Arranging in Distance Dependent Detail
One of the immediate problems to be solved when building a tiled landscape is the need to tessellate tiles of different scales. Assuming the tiles are repeats of the same regular mesh but with varying heights on the Y axis, and with each tile size being double the previous the following method can be used.
- Arrange the tiles with respect to the distance from the viewer. In this example the number denotes the size of the tile, and the viewer is assumed to be on one of the most detailed “4” tiles.
- Record the adjacencies of each tile to the next
- Parse the adjacencies using the following rule
If the tiles are more than one size differential split the larger tile into its constituent four smaller tiles.
Results of pass 1 – reduces a “2” tile to its constituent “3” tiles.
Results of pass 2 – reduces the bottom right “1” tile to four constituent “2” tiles
Results of pass 3 – reduces the top right “2” tile to it four constituent “3” tiles
Results of pass 4 – reduces the top left corner.
After this iterative process the tile map now has no junctions where a tile meets another tile that is more than one size differential. This is important in the next step.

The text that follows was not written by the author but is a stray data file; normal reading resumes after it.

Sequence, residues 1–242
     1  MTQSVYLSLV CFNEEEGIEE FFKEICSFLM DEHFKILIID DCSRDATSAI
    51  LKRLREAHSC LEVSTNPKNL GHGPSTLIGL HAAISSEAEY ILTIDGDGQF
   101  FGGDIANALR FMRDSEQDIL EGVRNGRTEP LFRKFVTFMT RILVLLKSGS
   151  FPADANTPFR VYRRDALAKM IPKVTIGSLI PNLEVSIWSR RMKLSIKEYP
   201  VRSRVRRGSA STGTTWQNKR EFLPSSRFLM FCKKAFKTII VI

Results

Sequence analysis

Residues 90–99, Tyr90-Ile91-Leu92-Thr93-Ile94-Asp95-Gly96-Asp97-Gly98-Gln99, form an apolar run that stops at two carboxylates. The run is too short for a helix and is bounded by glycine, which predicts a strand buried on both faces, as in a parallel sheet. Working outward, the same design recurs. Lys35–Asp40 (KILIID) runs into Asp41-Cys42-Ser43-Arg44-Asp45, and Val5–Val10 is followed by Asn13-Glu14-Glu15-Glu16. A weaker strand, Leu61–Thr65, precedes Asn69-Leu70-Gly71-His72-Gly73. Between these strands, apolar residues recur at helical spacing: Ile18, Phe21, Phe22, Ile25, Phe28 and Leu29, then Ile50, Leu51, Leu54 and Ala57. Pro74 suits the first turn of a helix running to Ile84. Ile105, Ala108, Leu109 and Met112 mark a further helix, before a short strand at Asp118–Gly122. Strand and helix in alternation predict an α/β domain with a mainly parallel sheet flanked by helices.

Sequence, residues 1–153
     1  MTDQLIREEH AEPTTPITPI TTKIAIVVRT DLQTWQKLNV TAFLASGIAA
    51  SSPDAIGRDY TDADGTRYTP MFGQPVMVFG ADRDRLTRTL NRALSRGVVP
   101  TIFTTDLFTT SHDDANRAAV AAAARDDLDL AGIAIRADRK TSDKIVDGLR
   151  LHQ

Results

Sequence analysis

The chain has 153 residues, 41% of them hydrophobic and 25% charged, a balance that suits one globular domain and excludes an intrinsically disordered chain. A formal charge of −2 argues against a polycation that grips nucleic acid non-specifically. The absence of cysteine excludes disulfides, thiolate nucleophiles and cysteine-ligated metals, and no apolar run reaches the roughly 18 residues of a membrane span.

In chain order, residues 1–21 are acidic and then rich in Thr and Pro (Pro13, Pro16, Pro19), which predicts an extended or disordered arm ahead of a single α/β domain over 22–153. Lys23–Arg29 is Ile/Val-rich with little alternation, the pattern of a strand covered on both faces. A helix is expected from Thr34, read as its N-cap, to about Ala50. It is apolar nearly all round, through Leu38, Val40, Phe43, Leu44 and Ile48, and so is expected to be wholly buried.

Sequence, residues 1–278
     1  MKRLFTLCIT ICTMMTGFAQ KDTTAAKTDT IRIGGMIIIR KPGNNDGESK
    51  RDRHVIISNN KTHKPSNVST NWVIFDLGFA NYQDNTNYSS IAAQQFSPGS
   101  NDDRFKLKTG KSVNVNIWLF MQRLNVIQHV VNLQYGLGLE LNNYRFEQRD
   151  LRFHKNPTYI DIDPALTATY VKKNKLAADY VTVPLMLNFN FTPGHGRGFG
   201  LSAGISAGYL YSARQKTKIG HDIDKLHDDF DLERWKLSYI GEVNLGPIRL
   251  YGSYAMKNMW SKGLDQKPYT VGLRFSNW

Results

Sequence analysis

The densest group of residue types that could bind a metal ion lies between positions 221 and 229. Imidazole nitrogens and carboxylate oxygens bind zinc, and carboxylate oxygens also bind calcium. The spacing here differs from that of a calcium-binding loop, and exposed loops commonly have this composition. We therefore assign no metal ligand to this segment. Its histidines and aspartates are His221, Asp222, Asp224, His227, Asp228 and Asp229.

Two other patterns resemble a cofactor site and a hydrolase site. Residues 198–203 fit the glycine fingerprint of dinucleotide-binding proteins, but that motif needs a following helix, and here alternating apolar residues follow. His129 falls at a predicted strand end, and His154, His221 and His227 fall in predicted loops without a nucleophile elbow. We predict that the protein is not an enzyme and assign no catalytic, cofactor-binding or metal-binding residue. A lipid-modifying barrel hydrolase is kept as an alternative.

- Using the adjacency map record for each tile which edge abuts another tile which has a larger number.
- When producing the mesh, store two numbers for the Y coordinate – its more accurate height, and the height as interpolated between its two neighbours, for each odd numbered vertex across the edge.
In the example above the numbered vertexes will have two values recorded for its Y (height) value – the actual value obtained from a heightmap or other source, and the value as a linear interpolation between its two neighbours, if it is an odd numbered vertex. So V1 interpolated height would be average of V0 and V2, V3 would be average of V2 and V4. This step is called “vertex welding”.
From the above diagram you can see that when rendering the black, more detailed mesh, you can choose to render the numbered vertexes either as their “natural” more accurate value, or the interpolated value – and that interpolated value will precisely match the “natural” value of the adjacent larger tile, as the interpolated point V1 will fall exactly on the line A-B and V3 on the line B-C. This will render a seamless join between the two tiles.
Although no ripping will be evident the normals calculated for each vertex in a mesh are dependent on the values of their neighbours. At the edges of meshes you would not take into account the values of their neighbours in the adjacent mesh. In addition to prevent “jumping” or visible normal transition artefacts, the normals should be calculated with reference to an adjacent mesh at the same level of detail as the subject mesh.